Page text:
Investor: Did I say I am scared?
Roger Pondel, email@example.com
Cyber security and cyber threats abound, information security policies are now owned at the highest levels of a company from the C-suite to the board, according to EY’s 2013 Global Information Security Survey “Under Cyber Attack.” While companies seek to protect intellectual property and disruption caused by hackers, one area, as it relates to intelligence gathering by investors, deserves further attention: the oversharing of personal information on social networks.
Today, social media use by institutional investors stands at approximately 52%, according to a NIRI survey earlier this summer. What I am noticing more and more in my daily conversations with investors is that social media seems to be emerging as a tool to get an edge on impending news, particularly as it relates to the broadcasting of new LinkedIn connections.
While tracking Facebook “likes” on emerging brands as a proxy for potential revenue growth or monitoring hiring trends or personnel departures from company LinkedIn pages to gauge near term expenses might seem an obvious use of social media to impact investment decisions, what might not seem so important is the innocuous LinkedIn request.
Following a roadshow or investor conference, management might receive a request to “connect” from an institutional investor. If the request is accepted, consider what that might mean going forward if new connections are then broadcast to that investor; it may very well tip your hand on impending news.
A quick fix would be to turn off LinkedIn activity broadcasts by visiting the privacy settings of your account. Longer term, it’s wise to consider a companywide policy.
Matt Sheldon, firstname.lastname@example.org
Last Sunday’s overtime win against the San Diego Chargers gave the Washington Redskins a reason to celebrate, at least temporarily, as the storied franchise continues to make headlines both on and off the field.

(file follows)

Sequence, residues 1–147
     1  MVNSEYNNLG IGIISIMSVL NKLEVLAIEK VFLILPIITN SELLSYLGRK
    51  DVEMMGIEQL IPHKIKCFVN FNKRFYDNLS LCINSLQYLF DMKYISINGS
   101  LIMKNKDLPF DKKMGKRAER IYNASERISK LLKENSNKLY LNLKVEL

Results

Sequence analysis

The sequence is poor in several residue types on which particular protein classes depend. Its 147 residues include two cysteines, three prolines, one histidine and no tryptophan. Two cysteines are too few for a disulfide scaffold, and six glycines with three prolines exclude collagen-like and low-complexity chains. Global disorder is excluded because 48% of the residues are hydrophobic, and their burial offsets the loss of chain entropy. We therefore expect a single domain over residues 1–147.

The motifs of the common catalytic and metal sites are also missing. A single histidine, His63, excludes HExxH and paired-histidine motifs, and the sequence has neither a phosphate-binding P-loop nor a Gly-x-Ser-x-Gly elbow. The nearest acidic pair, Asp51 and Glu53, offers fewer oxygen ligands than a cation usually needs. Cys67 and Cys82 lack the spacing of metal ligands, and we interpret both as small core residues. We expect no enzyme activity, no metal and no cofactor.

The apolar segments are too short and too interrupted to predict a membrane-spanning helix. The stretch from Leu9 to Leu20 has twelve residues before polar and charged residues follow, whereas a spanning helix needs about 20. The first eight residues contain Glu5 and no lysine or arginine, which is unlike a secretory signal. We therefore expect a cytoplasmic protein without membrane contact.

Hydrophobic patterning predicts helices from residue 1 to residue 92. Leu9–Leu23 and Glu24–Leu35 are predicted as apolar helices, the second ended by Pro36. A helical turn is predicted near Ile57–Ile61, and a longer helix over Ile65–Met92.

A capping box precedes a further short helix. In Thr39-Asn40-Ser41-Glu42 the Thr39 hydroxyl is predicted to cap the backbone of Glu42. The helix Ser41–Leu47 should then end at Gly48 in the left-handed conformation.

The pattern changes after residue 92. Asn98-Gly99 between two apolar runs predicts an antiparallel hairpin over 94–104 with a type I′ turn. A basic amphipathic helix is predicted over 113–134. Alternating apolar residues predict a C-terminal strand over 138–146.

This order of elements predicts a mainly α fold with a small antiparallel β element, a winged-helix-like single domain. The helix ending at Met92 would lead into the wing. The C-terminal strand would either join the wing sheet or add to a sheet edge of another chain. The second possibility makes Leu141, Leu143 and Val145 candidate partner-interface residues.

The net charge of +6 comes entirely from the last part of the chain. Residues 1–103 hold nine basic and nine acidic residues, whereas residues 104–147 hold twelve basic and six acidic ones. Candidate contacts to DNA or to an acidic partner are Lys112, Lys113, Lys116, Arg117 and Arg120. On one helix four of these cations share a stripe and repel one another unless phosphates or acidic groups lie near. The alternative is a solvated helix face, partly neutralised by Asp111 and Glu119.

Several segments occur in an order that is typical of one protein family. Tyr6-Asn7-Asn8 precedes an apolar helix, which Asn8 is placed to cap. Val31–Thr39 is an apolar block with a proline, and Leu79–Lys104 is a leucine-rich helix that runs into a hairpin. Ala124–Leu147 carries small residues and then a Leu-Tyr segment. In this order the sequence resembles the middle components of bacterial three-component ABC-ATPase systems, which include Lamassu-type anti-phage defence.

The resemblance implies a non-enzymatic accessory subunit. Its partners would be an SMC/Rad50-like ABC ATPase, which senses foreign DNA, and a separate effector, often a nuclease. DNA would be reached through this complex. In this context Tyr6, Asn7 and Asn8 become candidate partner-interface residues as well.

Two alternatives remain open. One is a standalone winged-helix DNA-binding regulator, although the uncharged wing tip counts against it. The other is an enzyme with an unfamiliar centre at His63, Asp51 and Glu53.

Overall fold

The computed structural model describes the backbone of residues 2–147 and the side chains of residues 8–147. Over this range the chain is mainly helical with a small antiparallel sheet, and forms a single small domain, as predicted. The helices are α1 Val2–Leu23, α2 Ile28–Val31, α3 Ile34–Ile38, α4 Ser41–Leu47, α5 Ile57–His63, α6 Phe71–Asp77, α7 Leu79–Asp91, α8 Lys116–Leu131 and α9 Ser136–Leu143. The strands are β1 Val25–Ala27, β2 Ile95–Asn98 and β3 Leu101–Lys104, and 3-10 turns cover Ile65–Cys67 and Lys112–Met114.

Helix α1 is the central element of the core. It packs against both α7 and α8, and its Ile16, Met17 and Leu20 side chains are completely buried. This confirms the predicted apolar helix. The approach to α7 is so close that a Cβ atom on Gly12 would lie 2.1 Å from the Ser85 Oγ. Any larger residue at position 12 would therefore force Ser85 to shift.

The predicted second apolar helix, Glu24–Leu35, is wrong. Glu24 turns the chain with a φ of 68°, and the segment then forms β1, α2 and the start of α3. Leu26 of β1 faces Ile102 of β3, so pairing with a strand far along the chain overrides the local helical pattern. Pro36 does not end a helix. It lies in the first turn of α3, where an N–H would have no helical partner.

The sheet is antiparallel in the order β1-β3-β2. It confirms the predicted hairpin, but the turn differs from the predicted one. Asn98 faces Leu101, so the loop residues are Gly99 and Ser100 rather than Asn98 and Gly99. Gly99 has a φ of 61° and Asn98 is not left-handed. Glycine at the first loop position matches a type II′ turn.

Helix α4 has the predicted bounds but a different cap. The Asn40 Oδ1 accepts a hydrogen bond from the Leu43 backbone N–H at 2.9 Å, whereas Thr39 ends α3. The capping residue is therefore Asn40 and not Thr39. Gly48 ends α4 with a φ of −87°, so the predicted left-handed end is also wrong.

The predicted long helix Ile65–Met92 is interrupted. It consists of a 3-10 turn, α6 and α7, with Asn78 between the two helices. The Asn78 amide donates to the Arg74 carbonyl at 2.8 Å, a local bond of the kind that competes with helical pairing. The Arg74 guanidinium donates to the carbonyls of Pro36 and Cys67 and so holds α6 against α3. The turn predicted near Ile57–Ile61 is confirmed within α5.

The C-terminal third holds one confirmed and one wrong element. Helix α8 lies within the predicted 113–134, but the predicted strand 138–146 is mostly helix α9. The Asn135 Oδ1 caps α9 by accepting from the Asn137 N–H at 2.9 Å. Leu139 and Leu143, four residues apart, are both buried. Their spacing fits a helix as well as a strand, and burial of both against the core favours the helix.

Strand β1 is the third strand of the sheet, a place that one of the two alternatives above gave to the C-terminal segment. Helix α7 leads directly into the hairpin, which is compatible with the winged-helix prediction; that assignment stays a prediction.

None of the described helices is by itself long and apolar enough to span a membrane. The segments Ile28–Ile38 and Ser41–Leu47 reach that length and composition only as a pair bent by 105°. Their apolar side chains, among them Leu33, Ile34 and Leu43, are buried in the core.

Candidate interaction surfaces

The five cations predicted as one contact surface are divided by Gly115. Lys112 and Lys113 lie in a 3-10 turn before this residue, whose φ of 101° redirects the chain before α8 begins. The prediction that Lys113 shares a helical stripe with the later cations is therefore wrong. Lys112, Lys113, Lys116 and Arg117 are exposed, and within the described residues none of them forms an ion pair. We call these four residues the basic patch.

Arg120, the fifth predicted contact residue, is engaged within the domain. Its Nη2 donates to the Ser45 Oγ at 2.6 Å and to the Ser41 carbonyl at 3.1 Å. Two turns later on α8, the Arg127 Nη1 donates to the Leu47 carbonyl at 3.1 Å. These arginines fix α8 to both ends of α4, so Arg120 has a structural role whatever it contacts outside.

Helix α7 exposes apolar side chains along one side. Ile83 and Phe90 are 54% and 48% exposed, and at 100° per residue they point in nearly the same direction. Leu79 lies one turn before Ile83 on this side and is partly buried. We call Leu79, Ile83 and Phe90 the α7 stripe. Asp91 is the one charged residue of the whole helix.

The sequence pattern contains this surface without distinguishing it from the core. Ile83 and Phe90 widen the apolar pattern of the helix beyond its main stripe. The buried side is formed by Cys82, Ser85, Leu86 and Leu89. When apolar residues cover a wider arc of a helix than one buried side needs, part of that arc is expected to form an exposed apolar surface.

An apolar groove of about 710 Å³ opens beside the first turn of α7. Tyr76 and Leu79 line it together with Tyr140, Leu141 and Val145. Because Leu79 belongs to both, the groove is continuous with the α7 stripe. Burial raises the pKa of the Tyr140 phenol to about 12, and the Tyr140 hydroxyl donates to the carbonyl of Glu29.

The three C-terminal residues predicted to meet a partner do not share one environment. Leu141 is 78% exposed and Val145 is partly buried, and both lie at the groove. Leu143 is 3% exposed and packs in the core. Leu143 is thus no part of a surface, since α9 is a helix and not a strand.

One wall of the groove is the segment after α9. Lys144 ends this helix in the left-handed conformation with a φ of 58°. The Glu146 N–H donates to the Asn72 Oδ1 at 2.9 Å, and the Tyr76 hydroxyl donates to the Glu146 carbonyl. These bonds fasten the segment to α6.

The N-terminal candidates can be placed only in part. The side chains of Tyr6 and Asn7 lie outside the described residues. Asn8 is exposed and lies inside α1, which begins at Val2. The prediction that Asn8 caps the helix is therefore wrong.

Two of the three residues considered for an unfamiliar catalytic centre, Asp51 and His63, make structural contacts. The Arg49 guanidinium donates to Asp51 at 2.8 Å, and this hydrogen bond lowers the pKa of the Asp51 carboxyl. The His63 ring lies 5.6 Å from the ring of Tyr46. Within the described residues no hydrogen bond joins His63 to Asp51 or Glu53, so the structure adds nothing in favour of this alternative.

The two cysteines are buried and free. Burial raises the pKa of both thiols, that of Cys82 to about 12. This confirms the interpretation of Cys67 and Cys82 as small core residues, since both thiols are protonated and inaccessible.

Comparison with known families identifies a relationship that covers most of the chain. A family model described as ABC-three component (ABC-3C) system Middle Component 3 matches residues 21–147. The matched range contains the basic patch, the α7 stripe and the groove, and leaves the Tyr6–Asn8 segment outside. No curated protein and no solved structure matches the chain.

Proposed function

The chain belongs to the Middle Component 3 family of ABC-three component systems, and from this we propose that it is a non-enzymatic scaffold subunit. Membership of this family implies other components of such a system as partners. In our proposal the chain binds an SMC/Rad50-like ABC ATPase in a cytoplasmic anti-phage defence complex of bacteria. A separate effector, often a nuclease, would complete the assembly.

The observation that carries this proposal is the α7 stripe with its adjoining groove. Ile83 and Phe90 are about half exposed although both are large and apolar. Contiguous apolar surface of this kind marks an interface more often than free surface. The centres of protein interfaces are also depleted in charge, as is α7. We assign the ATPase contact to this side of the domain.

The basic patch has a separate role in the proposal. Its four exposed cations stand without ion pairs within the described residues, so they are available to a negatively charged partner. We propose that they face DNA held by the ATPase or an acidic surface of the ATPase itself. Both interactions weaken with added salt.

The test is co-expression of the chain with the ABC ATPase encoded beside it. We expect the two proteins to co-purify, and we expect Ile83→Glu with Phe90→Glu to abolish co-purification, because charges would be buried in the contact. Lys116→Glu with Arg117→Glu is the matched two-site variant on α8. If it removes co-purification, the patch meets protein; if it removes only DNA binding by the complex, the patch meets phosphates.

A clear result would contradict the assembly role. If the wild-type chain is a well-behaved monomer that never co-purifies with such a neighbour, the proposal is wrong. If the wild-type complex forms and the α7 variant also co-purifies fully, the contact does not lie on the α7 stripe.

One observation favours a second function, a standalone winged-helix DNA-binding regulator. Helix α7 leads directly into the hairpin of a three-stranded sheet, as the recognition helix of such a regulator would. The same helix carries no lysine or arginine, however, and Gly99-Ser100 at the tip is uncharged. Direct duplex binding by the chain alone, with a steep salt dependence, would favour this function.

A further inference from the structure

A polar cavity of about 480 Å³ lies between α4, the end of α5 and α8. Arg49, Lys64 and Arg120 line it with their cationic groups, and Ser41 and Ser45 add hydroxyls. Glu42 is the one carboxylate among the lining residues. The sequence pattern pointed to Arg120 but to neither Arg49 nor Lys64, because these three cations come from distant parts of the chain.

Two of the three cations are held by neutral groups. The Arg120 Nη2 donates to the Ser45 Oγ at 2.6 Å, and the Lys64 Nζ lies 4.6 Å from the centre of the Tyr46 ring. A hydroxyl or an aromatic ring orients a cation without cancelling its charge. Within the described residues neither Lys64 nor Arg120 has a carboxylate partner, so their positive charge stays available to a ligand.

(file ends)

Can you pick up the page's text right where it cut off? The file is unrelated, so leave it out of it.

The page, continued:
The team’s losing season is only part of the problem. A new report by the Pew Research Center revealed that 76 news outlets have publicly announced their opposition to the name “Redskins” or have banned or restricted its use in editorial coverage.
Washington, D.C. Mayor Vincent Gray and anti-defamation groups reignited the decades-old issue earlier this year calling for the removal of the name, saying it is a racial slur and offensive toward Native Americans.
Owner Dan Snyder for years has been adamant about not changing the team’s name. He made headlines last month after sending a letter to fans defending his reasons against a name change. He’s not alone either. A Washington Post poll found that a majority of D.C. residents (66 percent) are against a name change. Other published polls also show support for the name, even among Native Americans.
While the 76 news outlets that came out in opposition to the name are only a small portion of the media landscape, they certainly pack a punch. Several high profile journalists have created national news themselves by opining their reasons for the Redskins name to go.
Whether a reporter “becoming” the story is bad for an outlet’s credibility will continue to be debated. Most journalists try not to get involved in their own stories, although that is becoming increasingly difficult in today’s highly fragmented, 24-hour media landscape. Either way, it makes for good television and sells newspapers.
The fact is the Washington Redskins are in crisis, a battle with the courts of both legal and public opinions. And there aren’t any signs of it tapering off, although published reports indicate that the NFL has been meeting with Snyder and the Oneida Indian Nation to address the controversy.
Even though the owner, team and fans like the name the way it is, the current reality is creating too much controversy around the brand, which equates to lost dollars and can impact future revenues. That’s a recipe that can’t work in today’s NFL as pro football teams look to sell products, licenses, and TV and radio rights outside their respective locales.
All this makes for an interesting public relations case study for today’s business organizations. First off, executives always must be mindful of sending correspondence, whether it’s targeting consumers, customers or even shareholders. Most times these communications will be leaked to media or appear across social media platforms, as in the case of Dan Snyder’s recent letter to fans.